There is talk about how the airline might have taken race into account in this case. That may or may not be the case, but the bottom line is that US Airways employees acted stupidly, and the company stands behind them, stupidly. Airlines are referred to as “common carriers” for a reason. As long as the passengers (the “carried”) aren’t doing anything dangerous, and wearing sagging pants is not in any way dangerous, then they are entitled to carriage. He paid his money, he gets a seat. The airline does not get to pass moral or fashion judgement, period.

    I Had a Lot of Fun Last Night

    16 July 2011

    I am currently more-or-less deployed to the Dallas area for work. A friend there coaches a community league volleyball team, and needed players due to some regulars being unavailable, so I volunteered. The league play is held in the gym of one of the middle schools of Allen, a very nice suburb of Dallas.

    Our game was at 2000, and I got there around 1920 to watch the games befoe ours. I was impressed – there were people ranging in age from mid-20s or less to 60s, it looked like. And there were lots of people involved! While I was there, 8 teams of six people played on the two courts that were set up. Each court had a judge, even. The judge kept score, called in/out, and watched the net.

    I had a really good time. We played three games (against the top-rated team in the league). We lost all three, but didn’t get blown out. The play was hard but not rough.

    The thing that impressed me about this: my team mates were talking afterward, and these fun leagues are set up in at least three other suburb towns around the MetroPlex.

    I think it is great that the city of Allen and the other cities will open their facilities up for this kind of recreation. It’s fun, and it’s healthy. I wish/wonder if we have these kinds of activities around OKC that I have just not heard about.

    I would come as a surprise to some that Raegan and I played on a couple bowling league teams in our early married days. I also played community softball. I’m the coach of the St. John’s team when we can scratch up enough members for the Episcopal softball fun league here. I like playing these team sports, and would like to play more. I would be playing on our Division team at Tinker, but the games this year are all during my deployment days; three hours there and another three hours back is a bit much for an hour of softball.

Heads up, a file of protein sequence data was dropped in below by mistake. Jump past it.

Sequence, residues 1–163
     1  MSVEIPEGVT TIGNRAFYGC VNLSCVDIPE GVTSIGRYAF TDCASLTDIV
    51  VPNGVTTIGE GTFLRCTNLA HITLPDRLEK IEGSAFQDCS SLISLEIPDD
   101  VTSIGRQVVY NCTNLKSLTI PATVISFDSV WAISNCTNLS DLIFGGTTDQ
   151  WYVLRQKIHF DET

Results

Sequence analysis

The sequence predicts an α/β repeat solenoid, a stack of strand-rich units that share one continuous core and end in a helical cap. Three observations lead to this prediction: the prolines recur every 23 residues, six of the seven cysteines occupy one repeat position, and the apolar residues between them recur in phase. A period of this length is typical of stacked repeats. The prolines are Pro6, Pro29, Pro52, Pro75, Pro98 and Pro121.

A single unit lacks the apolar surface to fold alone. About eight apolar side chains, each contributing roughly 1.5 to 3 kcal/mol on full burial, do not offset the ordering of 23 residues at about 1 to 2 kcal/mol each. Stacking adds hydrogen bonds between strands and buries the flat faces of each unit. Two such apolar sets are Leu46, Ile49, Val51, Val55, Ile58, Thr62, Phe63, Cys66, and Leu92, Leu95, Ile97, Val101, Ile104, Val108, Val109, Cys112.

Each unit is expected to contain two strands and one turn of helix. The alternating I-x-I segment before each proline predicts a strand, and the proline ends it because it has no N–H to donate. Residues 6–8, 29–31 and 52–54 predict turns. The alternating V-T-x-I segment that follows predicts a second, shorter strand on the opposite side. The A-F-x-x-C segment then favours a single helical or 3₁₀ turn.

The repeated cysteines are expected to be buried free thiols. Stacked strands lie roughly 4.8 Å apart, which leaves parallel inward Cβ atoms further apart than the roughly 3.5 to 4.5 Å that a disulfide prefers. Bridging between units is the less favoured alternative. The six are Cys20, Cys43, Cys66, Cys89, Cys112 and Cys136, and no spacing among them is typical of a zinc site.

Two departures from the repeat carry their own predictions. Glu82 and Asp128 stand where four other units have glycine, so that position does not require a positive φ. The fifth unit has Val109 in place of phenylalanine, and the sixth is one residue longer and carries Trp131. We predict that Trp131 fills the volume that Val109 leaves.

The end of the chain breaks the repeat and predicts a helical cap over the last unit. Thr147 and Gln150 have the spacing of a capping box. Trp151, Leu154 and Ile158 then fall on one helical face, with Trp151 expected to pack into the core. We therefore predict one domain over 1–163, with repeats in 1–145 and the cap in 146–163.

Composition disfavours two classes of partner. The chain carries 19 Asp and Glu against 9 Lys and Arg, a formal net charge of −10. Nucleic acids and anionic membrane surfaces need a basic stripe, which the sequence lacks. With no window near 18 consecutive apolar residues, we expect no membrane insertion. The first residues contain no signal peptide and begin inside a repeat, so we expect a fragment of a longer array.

American Exceptionalism

    15 July 2011

    I have seen a promo on MSNBC a number of times; I usually don’t pay a lot of attention to them. But one with Chris Matthews this evening struck a chord with me. In the promo, Matthews says that the opponents of the President claim that the President does not love American (which is not true, of course), but that the very fact that Barak Obama could be elected President of the United States is American Exceptionalism.

    This is so very true, and is a powerful thing. Think of most countries, even the peaceful ones. Britain, France, Russia. Or South Africa, or Japan. There isn’t one of those countries where a person who was not in the ethnic majority has been elected to a leadership position (Peru, of all places, is the only major country I could think of, with Alberto Fujimori, who was a Peruvian of Japanese descent being elected President there).

    But in America, it happened, and in a decisive way. It is a classic statement of American Exceptionalism that we can elect an ethnic minority, without bloodshed.

    Now, clearly, there are those who object. Aside from the un-American attacks by conservatives on Obama (and Clinton before him), with the only objective being to attempt to de-legitimize their very Presidencies, and people who have an irrational objection to Obama, there are honest Republicans who disagree with the President on policy grounds. But none of those has gone nuts and taken up arms or anything like that.